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Accepted Paper:

A mirror of paper: Anūar Älīmzhanov and the art of vernacular classification  
Christopher Baker (American University of Central Asia)

Paper abstract:

My contribution will focus on the writing of Anūar Älīmzhanov, a poet who devoted his career to assembling distinctly Kazakh ethnographies from bits and pieces of paper and taxonomy that had piled up in the Eurasian steppe. Älīmzhanov was a Kazakh artist studied in a heritage that had bent the instruments of natural history to ethnographic knowledge, retooling them to classify human difference in taxonomies that had previously indexed “plants, animals, and natural curiosities, as well as artificialia, or ‘objects of art.’” He sifted through this knowledge while altering and amending it, listing the words that did not match Kazakh things and while remarking on compendia in which the pieces of his past seemed present but also out of place. He made himself an expert in the dictionaries and encyclopedias of the classificatory heritage, envisioning a codex in which the remnants of the past would fit together to form an image of his own ethnography and in which disparate Eurasian names would represent iterations of a single Kazakh tradition. He pulled apart taxonomies and compendia, trying one piece and then another from compendia made by men who imagined a time when “all the languages of the world will be recorded and placed in the dictionaries and grammars and compared together.” His engagement with this knowledge involved cutting out pieces of ethnography and reassembling them to form a mirror of paper, though the reflection he fashioned was ultimately plural than singular. The Kazakh figure he exhibited in his art was covered with paper and words taken from heteroglot translations of experience. Every piece of text or classification he patched into his art represented a translation of reality specific to a time and place and an optic or way of seeing the world bound to “historically determined and determining methods by which experience is apprehended, imitated, and reproduced.”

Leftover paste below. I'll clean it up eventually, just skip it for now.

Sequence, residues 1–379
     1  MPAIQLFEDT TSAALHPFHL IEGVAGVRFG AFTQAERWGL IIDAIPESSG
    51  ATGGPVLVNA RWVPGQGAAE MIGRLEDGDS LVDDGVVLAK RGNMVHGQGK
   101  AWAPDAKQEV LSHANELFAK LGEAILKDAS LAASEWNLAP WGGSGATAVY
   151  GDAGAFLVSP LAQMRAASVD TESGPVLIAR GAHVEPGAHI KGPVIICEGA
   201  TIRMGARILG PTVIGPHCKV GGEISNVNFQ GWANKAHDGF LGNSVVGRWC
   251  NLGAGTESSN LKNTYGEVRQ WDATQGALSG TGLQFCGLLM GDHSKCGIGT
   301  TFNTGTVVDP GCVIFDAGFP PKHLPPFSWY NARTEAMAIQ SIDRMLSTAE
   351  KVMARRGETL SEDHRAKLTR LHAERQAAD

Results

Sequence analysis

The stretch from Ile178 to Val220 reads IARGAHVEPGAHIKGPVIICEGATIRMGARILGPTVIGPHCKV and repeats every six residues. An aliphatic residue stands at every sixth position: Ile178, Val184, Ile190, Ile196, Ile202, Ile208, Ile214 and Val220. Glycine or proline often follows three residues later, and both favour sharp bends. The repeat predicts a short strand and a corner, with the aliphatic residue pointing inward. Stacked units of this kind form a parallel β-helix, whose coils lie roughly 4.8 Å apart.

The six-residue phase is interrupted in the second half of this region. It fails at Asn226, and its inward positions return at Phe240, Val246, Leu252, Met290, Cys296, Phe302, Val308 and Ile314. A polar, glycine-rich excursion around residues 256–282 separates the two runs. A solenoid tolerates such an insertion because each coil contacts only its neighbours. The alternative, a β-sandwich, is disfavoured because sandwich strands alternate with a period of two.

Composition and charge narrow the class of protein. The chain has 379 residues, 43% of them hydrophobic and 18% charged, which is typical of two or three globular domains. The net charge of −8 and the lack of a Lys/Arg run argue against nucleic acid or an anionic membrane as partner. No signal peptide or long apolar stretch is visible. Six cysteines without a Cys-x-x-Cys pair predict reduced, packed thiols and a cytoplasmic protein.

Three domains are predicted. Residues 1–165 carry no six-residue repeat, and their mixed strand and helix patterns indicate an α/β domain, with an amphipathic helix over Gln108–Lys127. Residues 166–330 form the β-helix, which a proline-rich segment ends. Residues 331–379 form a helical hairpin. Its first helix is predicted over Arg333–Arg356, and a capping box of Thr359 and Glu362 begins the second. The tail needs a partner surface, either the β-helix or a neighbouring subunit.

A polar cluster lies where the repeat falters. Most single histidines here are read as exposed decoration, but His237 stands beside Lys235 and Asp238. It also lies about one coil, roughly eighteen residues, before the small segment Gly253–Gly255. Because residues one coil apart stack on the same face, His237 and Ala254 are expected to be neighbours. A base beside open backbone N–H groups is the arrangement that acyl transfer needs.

Panel REG05
Visions of Self and Community: tradition, modernity, and the negotiation of national and Soviet by Central Asian poets and writers
  Session 1 Friday 21 October, 2022, -